Heck, I enjoyed them myself; and the character of Dr. Emmett Brown did, in certain key ways, actually resemble some scientists I have known. Just dial Dr. Brown’s eccentricity and flamboyance waaaaaay back, preserve (or enhance) his single-mindedness and drive, increase the Brown family fortune that he spent up doing his research to at least twenty million dollars* (it took him—what? thirty years?—and doing research is very expensive), then load him up with a lot of teaching duties and administrative responsibilities and the fictional inventor of the time-traveling DeLorean would make a perfectly plausible researcher.

But—and this is the critical part—not a very good character in a movie, or book.

While it is true that a lot of scientists are a bit eccentric (some quite charmingly so), to be successful they have a lot of other traits that are the opposite of colorful. Doing research, as I mentioned, is expensive and most real scientists don’t have a family fortune to spend. Therefore, they must secure grants, which requires, not flamboyance, but an organized and linear thinker who can marshal past research successes, the present research status, and a coherent three-to-five-year plan for advancing the field into a forty-page document that will convince a panel of competing researchers and at least one cold-hearted government agency that any large chunks of money they throw his way will be well spent. I’ve known researchers who sported flying hair and flapping lab-coats à la Dr. Emmett Brown, and even ones who, like Einstein, eschewed socks. But believe me, when it comes to getting funding, they are as practical and business-like as any CEO, and just as uptight.

And then, if Dr. Brown is a scientist, then why isn’t Marty McFly more educated about time travel? Hang around scientists for long (five minutes) and what you find is that they can’t stop talking about what they do. They’re used to talking about their research, because that’s a huge part of their job; and since they mostly talk to other researchers who find what they say riveting, they’re used to thinking that everyone wants to hear all about it. Scientists teach everybody, all the time. Even scientists in research institutions who have no classes to teach still have to educate their graduate students and post-doctoral fellows; the public (funding again!); and—through seminars and symposia—their peers. Marty was Dr. Brown’s friend and didn’t know about the flux capacitor???? He’d have heard all about the flux capacitor nine million times!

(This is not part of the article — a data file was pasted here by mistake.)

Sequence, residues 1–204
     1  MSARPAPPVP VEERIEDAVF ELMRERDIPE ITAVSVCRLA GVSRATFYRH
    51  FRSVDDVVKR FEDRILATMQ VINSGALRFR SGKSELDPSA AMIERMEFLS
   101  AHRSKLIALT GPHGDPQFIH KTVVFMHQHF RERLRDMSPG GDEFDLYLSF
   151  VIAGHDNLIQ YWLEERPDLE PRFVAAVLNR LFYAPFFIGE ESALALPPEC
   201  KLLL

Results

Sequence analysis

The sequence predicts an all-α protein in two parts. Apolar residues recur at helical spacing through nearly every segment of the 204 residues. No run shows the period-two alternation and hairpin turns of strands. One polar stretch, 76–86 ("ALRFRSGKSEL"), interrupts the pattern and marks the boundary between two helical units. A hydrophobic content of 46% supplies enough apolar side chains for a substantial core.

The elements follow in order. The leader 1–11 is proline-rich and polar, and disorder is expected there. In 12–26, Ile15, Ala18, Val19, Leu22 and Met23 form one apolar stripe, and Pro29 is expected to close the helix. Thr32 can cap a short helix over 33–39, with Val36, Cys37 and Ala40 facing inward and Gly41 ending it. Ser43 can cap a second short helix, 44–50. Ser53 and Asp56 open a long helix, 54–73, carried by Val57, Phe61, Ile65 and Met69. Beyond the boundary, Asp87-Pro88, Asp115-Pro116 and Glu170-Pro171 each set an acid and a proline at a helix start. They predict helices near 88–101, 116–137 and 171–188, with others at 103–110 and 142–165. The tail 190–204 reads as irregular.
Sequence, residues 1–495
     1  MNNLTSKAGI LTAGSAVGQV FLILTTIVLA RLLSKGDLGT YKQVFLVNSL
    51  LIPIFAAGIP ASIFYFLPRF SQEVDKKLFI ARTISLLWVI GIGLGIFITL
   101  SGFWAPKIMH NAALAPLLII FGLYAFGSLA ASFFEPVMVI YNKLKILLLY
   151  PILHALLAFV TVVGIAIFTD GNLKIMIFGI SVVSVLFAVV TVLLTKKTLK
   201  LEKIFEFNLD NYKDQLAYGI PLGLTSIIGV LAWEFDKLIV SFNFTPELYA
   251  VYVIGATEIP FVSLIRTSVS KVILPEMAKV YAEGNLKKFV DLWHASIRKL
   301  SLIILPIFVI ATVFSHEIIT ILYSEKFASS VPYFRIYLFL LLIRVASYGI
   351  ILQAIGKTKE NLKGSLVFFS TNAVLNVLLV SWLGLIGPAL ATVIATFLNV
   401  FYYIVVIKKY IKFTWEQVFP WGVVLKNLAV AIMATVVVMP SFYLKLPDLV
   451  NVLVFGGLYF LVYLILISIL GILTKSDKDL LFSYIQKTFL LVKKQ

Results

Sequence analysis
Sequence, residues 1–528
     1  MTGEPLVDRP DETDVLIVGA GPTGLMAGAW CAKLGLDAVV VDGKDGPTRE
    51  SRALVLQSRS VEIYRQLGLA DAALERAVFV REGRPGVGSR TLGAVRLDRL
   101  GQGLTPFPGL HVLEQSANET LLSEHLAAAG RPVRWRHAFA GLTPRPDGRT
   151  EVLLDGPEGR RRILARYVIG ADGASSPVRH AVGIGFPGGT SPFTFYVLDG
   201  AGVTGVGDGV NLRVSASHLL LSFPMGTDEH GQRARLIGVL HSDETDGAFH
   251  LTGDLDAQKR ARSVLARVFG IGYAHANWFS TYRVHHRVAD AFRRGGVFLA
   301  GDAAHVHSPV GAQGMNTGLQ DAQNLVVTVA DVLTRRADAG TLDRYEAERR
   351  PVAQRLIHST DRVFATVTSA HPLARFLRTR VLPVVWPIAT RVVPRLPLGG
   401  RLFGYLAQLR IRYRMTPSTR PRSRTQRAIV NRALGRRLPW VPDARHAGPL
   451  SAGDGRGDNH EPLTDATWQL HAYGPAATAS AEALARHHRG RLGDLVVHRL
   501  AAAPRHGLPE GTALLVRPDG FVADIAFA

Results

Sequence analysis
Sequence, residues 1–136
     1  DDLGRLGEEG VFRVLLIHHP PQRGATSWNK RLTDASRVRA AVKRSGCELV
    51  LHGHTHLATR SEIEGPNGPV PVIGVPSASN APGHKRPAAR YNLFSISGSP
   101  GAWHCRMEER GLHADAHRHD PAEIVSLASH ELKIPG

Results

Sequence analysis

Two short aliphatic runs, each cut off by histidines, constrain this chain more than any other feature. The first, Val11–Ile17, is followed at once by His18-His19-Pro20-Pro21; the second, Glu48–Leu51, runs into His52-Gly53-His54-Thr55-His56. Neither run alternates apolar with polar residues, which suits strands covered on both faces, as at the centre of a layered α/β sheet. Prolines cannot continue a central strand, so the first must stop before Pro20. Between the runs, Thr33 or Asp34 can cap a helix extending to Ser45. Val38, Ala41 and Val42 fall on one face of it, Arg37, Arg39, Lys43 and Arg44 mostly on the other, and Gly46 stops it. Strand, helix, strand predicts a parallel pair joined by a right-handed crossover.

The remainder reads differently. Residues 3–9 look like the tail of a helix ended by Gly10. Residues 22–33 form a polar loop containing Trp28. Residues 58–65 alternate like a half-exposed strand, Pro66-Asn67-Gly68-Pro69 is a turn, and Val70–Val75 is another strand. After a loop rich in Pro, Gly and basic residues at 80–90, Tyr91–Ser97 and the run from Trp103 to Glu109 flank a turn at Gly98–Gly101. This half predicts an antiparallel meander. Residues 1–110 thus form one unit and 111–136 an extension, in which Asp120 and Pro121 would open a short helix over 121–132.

In my experience your average scientist, far from being a wild-eyed loony, is much too serious, driven, single-minded, analytic, practical, deeply but not widely knowledgeable (there are exceptions), and naturally skeptical for me to want to write about.

Also—and this may be the real reason they don’t come up in my novels—despite all this practicality, etc. etc., an incredible number of them love the Three Stooges. I just don’t think my writing skills are up to making that seem believable.